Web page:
From Posture To Power: Microcredit Changes Lives On Both Sides of the Ocean
We can talk about making change. But affecting real change in the world comes from impacting the lives of individuals. It comes from empowering people to be independent and able to make a living on their own while at the same time being fully integrated in our interdependent global community. Sometimes it takes something that seems to be radical to make this change, but these shifts can be deceptively small. They can be even as small (or as large) as the cost of a Los Angeles Yoga class.
How could this be? In the practice of microcredit, lending seemingly small amounts of money to small-scale entrepreneurs allows them to succeed and change their circumstances. This is the fundamental basis of microcredit’s transformative power; it’s a revolutionary concept in finance. This practice shifts the emphasis from financial transactions being focused only about large loans and large scale businesses, which are out of reach of many one-person operations, institutions and organizations – to lending practices that actually make a positive difference in a person’s life. Microcredit practices based on social justice and empowerment operate through a combination of small-scale loans based on trust and community support, with structured repayment plans and programs that encourage savings. In these situations, people actually have the opportunity to solidify long-term change in their lives.
Dr. Muhammad Yunus and the Yoga Gives Back Team: Joel Bender, Leslie Hendry, Dr. Muhammad Yunus and Kayoko Mitsumatsu (left-right)
In 2006, economist Dr. Muhammad Yunus and the institution he founded, the Grameen Bank, were awarded the Nobel Peace Prize. This award was in recognition of their revolutionary efforts to create this micro-credit model, support sustainable economic practices, and provide an alternative to what were exploitive norms. When a person is caught in a cycle of poverty, they may become trapped in the system, particularly since large banking institutions have historically ignored people without assets or credit histories, who are just starting out and who may not have already proven themselves. Most banks prefer to lend large sums of money that represent a greater profit margin and are set up only for large loans in order to make a profit themselves. And even making it more challenging, people at the bottom of the economic scale worldwide have had to rely on moneylenders charging usurious terms and interest rates to obtain funds to plant the next crop, buy inventory of new equipment, or upgrade a business in any way. Institutions such as the Grameen Bank and their affiliates are offering another approach. It’s one that has significantly impacted millions of people.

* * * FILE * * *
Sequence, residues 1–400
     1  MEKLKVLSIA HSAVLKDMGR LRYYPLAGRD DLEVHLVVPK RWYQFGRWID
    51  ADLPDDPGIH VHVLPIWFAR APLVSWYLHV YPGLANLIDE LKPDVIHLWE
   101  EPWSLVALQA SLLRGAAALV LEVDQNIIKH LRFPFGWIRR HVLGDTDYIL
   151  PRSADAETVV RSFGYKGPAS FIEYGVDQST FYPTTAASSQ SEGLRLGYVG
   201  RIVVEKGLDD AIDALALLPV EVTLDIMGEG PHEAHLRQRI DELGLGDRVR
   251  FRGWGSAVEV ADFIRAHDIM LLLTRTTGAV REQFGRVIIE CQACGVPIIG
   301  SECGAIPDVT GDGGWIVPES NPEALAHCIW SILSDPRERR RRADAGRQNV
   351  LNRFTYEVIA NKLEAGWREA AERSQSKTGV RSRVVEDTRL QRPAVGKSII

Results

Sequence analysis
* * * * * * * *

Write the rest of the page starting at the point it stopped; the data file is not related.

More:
As Dr. Yunus described in an exclusive interview with Yoga Gives Back in May, 2009, “We started in 1976, and today within Grameen Bank in Bangladesh, eight million people borrow micro loans, ninety-seven percent of them women.” This represents an enormous potential for change and empowerment that just did not exist on a large scale in this form prior to 1976.